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New super plane to fly from Europe to Australia in 4 hours

By Stephen Morgan     Dec 18, 2014 in Lifestyle
A new superplane, which can get you anywhere in the world in four hours, may get its first flight in only five years from now. It is planned to use its rockets for commercial airline flights, as well as space travel.
Powered by the revolutionary new engine, called Sabre (Synergetic Air-Breathing Rocket Engine), it can make aircraft travel at five times the speed of sound. Unlike conventional planes, which are weighed down by the need to carry liquid oxygen, its rockets are "air-breathing," meaning that it uses a system of pipes filled with helium, which facilitates the more rapid transfer of oxygen needed to accelerate the aircraft.
The revolutionary new Sabre engine
The revolutionary new Sabre engine
Reaction Engines
The Independent says that at the root of the successful design is "the special heat exchanger that cools air incredibly quickly — taking it from 1,000 degrees Celsius to minus 150 degrees in one hundredth of a second. That helps it get around the issues that have so far held jet engines back to a maximum of about 2.5 times the speed of sound. The new engine will allow it to get up to twice that speed."
How the new Sabre engine works
How the new Sabre engine works
Reaction Engines
The Sabre engines could be fitted to existing aircraft in order for them to reach supersonic speeds. Travelling at 3,500 mph, compared to 1,900 mph for current aircraft, it could whisk passengers around the globe in a few hours. However, the company also has a special passenger version under construction, called Lapcat A2, with the capacity to carry 300 travellers.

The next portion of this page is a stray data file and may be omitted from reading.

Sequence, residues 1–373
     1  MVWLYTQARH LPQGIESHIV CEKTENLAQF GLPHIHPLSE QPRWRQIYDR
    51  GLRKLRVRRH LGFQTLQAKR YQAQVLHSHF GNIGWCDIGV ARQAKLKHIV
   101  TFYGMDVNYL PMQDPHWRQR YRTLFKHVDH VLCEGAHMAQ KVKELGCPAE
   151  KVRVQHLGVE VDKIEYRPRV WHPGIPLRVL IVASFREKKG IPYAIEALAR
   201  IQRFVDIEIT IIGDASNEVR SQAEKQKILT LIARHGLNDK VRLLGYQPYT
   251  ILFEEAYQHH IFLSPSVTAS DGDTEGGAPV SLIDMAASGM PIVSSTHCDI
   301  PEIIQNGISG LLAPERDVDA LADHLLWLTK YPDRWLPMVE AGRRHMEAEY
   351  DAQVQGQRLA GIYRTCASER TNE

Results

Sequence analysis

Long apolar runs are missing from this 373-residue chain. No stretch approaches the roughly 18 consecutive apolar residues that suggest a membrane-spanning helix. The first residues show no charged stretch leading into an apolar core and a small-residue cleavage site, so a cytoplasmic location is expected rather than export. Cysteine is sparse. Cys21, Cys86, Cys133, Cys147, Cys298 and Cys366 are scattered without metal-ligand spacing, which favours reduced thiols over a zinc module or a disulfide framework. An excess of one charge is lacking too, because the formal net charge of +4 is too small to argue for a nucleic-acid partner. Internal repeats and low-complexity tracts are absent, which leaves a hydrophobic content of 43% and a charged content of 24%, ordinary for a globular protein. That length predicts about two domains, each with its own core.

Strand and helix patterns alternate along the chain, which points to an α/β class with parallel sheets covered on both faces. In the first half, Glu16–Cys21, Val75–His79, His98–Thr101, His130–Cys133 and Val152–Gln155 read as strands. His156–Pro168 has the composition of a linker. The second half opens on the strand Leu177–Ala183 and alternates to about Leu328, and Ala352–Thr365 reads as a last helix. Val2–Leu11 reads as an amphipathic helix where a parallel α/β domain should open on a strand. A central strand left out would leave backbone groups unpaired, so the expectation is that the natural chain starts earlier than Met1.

According to Mail Oline, a spacecraft version, called Skylon, would be fitted with the new rockets and could reach orbit in 15 minutes where it could then change to ordinary space rocket mode. Once there, it will be able to circle the Earth for 36 hours. Not only would it be possible to transport passengers, it could also carry a payload of 15 tonnes, making it practical for transporting satellites. Because of its horizontal take-off, using the new Skylon could reduce the cost of space launches by a staggering 95 percent.
The new aircraft are the brainchild of British firm, Reaction Engines and have already notched up 100 successful test runs. Earlier this year, the European Space Agency's carried out a €1m ($1,250m) feasibility study into the rocket as part of its "New European Launch Service." The technical reports were so positive that the company plans to have the first flight in just four years. The UK government is so impressed that it is investing £60 million ($95m) to help what it calls a "high priority project."
The Mail quotes an interview with Alan Bond, founder of Reaction Engines, in the International Business Times who told them "Rockets are stuck in a rut. The weight problem means it costs a great deal of money to launch even the smallest satellite. The basic problem is that when you suck air into an engine at high speed it instantly heats up to 1,000C - which is unmanageably hot. The challenge was to cool it back down to 140C in just a hundredth of a second - the time it takes to pass through the engine." The Sabre engines, he continued "would allow us to launch satellites far more cheaply, to build space stations or to create orbiting solar arrays that would beam power to earth. We could even construct spaceships for missions to other planets."
More about Plane, Skylon, Rocket, Space, European space agency
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